The journal Frontiers retracted our “Recursive Fury” paper some time ago not for academic or ethical reasons but owing to legal fears. The paper can now be found at uwa.edu.au/recursivefury because the University of Western Australia has come to a different risk assessment and sees no reason not to host the paper.
There has been quite a flurry of media activity since the retraction, and a complete listing can be found over at Skepticalscience. This post highlights some of the mainstream coverage and provides some of the more notable quotes:
Blog Post published by The Guardian on 22 March 2014
It’s unfortunate that the Frontiers editors were unwilling to stand behind a study that they admitted was sound from an academic and ethical standpoint, especially since UWA concluded the paper would withstand a legal assault. This series of events should be a wake-up call to editors and publishers that they must remain resilient to organized campaigns by the blogosphere. Academics can no longer be confident that the Frontiers staff will stand behind them if they publish research in the journal and are subjected to similar frivolous attacks. Frontiers may very well be worse off having lost the confidence of the academic community than if they had called the bluffs of the contrarians threatening frivolous lawsuits.
Fortunately, several journals and organizations have stood up against this type of contrarian bullying. The journal Environmental Research Letters easily withstood the campaign against our consensus paper, and the Australian Psychological Society has been very supportive of Lewandowsky and his team, as has the Association for Psychological Science.
These groups offer a good example for journals to follow when subjected to organized bullying from contrarians trying to censor sound but inconvenient research.
Blog Post published by HotWhopper on 22 March 2014
Frontiers in Psychology is an open access journal that says:
Our grand vision is to build an Open Science platform that empowers researchers in their daily work and where everybody has equal opportunity to seek, share and generate knowledge.
By all accounts the journal could be viewed as taking a step backwards from that “grand vision” by caving into people who object to research.
The University of Western Australia is standing by the paper. It’s probably a lot bigger than the Frontiers in Psychology journal and almost certainly has more expertise in law.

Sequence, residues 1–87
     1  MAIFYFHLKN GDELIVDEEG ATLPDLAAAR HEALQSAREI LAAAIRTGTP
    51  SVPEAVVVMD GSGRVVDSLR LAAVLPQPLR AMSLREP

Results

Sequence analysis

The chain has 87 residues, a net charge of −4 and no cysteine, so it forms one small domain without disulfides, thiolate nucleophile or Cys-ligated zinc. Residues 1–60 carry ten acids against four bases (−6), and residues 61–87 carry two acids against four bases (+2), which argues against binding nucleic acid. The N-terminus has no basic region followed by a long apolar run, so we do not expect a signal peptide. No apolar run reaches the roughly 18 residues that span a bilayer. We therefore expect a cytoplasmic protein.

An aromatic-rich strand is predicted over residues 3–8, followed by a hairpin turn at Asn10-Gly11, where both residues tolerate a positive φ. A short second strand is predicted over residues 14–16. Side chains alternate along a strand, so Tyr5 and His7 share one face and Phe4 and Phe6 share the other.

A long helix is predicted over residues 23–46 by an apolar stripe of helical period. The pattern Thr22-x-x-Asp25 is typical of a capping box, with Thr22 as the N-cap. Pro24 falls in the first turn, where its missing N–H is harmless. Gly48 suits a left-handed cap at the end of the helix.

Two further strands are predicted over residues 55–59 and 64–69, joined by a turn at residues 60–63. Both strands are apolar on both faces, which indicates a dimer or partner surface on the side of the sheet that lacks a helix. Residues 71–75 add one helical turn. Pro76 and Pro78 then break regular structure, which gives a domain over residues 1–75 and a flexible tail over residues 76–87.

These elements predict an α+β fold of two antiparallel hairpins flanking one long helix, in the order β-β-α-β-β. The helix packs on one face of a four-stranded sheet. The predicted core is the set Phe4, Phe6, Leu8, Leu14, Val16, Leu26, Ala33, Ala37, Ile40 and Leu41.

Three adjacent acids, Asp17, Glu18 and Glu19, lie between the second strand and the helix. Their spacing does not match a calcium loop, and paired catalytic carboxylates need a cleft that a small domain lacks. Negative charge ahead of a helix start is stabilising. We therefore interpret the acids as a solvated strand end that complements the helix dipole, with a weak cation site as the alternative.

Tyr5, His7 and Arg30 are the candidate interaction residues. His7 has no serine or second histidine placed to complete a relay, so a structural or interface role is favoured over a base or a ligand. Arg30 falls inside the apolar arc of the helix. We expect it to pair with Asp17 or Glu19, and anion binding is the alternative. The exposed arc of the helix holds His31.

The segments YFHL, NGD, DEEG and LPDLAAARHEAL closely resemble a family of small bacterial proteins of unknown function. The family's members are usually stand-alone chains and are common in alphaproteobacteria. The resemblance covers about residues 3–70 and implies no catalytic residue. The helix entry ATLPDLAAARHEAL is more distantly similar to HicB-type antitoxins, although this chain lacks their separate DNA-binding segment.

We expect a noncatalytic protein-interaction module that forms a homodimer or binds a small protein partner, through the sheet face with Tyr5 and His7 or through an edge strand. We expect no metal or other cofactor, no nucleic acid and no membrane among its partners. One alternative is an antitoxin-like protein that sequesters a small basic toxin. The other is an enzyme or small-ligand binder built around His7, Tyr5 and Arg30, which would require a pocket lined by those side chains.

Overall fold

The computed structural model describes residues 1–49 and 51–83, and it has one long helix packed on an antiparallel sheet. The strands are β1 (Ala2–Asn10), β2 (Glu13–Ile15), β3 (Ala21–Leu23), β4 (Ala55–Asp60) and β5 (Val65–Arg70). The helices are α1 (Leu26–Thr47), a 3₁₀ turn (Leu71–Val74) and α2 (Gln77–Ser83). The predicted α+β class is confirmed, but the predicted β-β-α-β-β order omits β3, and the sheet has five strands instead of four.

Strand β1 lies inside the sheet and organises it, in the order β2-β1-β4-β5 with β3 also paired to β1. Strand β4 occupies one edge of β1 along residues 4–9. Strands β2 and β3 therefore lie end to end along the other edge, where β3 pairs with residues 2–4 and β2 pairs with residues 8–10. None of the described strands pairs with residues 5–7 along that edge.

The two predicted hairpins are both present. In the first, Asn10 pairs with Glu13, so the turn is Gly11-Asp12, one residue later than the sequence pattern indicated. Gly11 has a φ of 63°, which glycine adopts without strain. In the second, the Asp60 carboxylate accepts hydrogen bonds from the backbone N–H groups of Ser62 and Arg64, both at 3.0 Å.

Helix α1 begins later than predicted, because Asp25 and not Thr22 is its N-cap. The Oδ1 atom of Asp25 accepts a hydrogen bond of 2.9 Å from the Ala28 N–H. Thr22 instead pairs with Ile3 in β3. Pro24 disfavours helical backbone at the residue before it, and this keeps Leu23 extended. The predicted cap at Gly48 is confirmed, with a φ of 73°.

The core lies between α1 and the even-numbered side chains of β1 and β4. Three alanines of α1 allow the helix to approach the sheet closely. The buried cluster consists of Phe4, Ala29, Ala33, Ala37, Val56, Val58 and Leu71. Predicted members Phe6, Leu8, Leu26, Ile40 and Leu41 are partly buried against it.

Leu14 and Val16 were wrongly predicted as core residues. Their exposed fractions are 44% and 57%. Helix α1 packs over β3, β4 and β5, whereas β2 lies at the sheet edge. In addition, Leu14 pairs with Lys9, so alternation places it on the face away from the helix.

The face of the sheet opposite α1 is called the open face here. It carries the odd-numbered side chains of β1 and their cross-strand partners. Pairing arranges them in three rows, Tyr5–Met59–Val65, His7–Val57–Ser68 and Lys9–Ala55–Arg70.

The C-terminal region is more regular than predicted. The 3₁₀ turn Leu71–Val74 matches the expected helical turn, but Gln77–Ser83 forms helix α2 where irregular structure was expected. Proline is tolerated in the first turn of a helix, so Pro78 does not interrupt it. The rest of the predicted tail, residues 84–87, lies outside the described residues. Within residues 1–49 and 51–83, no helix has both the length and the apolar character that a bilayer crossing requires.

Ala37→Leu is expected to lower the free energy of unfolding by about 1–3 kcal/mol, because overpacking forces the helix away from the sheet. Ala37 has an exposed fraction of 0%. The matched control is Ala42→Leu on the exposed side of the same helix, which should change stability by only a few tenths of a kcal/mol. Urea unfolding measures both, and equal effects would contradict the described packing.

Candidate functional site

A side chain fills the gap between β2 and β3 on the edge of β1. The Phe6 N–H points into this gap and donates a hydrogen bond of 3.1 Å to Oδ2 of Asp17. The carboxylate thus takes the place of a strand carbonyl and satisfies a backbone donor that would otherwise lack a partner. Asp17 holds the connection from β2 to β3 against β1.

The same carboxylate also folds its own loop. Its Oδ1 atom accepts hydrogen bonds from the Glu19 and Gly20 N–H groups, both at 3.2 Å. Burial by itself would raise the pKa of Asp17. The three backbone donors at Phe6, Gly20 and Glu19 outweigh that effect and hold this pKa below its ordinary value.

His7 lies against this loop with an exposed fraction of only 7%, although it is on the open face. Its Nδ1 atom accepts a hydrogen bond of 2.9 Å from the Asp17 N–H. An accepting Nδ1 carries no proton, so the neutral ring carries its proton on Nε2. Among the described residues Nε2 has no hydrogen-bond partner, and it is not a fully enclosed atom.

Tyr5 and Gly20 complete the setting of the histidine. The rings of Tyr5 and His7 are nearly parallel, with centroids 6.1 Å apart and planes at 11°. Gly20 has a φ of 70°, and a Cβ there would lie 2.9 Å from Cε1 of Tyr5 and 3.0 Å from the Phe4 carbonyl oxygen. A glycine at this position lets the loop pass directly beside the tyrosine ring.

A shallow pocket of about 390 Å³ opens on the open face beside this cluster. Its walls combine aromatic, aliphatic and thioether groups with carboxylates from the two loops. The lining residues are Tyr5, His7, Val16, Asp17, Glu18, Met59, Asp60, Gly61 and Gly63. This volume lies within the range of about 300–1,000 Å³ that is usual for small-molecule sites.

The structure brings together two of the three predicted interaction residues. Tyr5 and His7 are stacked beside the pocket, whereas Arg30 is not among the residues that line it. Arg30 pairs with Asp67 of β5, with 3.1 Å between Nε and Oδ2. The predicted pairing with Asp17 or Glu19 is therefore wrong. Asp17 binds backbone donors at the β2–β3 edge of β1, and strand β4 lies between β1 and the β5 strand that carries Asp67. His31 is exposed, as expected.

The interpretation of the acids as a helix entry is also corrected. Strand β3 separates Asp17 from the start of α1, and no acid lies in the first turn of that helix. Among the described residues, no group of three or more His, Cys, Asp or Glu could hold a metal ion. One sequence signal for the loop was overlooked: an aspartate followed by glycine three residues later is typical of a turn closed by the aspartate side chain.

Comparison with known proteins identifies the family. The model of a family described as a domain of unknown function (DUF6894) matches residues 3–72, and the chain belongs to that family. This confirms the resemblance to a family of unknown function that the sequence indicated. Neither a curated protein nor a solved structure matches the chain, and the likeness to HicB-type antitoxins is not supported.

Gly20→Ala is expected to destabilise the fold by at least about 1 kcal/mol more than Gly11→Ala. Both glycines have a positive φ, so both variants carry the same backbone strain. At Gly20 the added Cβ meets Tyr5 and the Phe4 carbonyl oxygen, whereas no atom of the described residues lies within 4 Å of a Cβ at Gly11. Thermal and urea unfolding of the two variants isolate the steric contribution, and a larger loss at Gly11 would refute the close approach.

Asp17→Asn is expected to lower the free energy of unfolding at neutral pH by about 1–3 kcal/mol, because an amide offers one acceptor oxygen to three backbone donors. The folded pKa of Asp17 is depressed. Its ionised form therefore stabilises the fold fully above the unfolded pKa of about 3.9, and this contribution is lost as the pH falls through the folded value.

Magazine published by Ars Technica on 22 March 2014
The article cites Michael Kenyon, the Frontiers lawyer, as follows:
Frontiers is concerned about solid science and it’s obviously a regret when you have to retract an article that is scientifically and ethically sound.
Magazine published by Salon on 22 March 2014, citing Kim Heitman, the UWA’s General Counsel:
‘I’m entirely comfortable with you publishing the paper on the UWA web site. You and the University can easily be sued for any sorts of hurt feelings or confected outrage, and I’d be quite comfortable processing such a phony legal action as an insurance matter.’
— Kimberley Heitman, B.Juris, LLB, MACS, CT, General Counsel, University of Western Australia
Thanks to Heitman, the study can still be found at the University of Western Australia’s website; a second study conducted by Lewandosky, which replicated the results of the first in a representative U.S. sample, remains where it was posted at PLoS ONE.
A Conspiracy Theory Researcher Falls Victim to Conspiracy Theories: Intimidated Journal to Retract Lewandowsky Paper
Blog Post published by the Union of Concerned Scientists on 21 March 2014
Such a retraction would reflect badly on the journal and may set a terrible precedent. Papers should be withdrawn based on significant concerns with the quality of the research, not based on threats.
This is yet another example of why researchers, journals, and universities need to be sufficiently prepared to effectively respond to outside scrutiny of their work. Sometimes that scrutiny is warranted and adds to public understanding, but in other cases, such as this one, it can be distracting and frivolous.